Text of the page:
I've been lucky enough to meet P.D. James twice in my life. Since today is her birthday, I thought I'd reflect on those two meetings.
The first took place on a rainy evening somewhere around 1988, (that's us in the blurry picture above), when her book DEVICES AND DESIRES came out, and I joined a loyal throng outside Scotland Yard Books in Winnetka, Illinois, to wait for a chance to meet Ms. James in person. The line went around the block, and everyone in it was wet, but we were all in high spirits. My mom, a fellow P.D. fan, was with me, and we marched slowly forward, finally gaining entrance to the store itself, a lovely place which, alas, I think no longer exists.
Once I approached the great mystery writer, the queen of all living mystery writers, I was terrified. What in the world would I say when I finally approached the table?When I got there and pushed my copy of the big book forward, I settled for, "Ms. James, it is such an honor to meet you."
And in her sweet, delicate, precise voice, she replied, "Well, it's quite an honor to meet you, too." Of course she was being polite, but she did it very well, and I walked away feeling pretty good--until I saw my mother, who marched right up to the table, bent low and said something private to P.D. James and made her laugh, and then the two of them had a right old conversation. To say I was envious would be an understatement. :)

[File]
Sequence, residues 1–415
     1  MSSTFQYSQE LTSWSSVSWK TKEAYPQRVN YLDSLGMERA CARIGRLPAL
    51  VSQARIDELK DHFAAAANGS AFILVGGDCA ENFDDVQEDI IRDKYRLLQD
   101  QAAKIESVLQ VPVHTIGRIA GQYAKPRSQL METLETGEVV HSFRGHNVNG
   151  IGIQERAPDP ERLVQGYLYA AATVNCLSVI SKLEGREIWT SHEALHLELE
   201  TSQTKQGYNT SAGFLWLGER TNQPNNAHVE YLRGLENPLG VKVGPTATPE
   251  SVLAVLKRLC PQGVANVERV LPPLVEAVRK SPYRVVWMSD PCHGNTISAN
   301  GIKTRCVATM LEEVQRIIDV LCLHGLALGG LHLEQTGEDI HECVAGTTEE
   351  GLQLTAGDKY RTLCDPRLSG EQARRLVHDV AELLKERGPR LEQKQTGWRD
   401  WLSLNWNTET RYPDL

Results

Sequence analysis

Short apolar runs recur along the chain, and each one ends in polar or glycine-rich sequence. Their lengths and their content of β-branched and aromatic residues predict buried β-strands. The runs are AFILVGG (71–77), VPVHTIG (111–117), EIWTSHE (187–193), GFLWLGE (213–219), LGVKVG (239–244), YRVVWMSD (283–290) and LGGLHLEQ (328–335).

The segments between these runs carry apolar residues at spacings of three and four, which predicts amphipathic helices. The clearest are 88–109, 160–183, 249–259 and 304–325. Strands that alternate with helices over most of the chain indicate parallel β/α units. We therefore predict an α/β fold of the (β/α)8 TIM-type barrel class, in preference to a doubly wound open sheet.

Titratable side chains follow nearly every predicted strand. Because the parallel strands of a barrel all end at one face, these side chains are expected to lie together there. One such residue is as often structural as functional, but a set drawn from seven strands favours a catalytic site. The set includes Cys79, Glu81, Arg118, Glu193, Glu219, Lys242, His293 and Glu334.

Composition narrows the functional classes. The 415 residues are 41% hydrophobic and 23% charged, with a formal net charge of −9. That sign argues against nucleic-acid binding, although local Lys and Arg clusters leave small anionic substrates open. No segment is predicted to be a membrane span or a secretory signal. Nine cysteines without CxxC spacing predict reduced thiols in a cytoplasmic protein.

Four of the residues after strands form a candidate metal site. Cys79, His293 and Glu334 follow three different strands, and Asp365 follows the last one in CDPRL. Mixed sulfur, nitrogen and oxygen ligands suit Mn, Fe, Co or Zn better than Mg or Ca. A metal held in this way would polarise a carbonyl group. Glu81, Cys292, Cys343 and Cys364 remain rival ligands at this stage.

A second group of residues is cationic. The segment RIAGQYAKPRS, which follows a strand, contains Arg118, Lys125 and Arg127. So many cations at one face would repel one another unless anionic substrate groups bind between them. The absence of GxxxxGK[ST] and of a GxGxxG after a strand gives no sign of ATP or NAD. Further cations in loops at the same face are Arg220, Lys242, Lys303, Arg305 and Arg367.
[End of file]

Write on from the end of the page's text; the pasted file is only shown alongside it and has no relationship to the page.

The second time I met her was many years later, when she had turned eighty and had written her autobiography. Centuries and Sleuths, now located in Forest Park, was right across the street from me at the time, and proprietor Augie Aleksy managed to get word to me that he'd persuaded James' publicist to swing by his store after her big signing in Chicago. However, because it was a last minute decision, he was not able to notify many people.
And that was how I came to be sitting in an intimate little gathering of less than 20 people, listening to P.D. James speak softly about her life, her children, her writing. It was wonderful. I remember feeling a sense of unreality as she chatted about the birth of one of her daughters (I believe in a London basement) during World War II, while bombs were falling outside.
So I have two signed books by P.D. James, and a lovely memory of her face, her voice, and her sweet gentility. I'll probably never meet her again, but I do wish her a very happy birthday, and I suppose it's only fitting that I pull out one of her books--I've read them all--and indulge in another fan moment.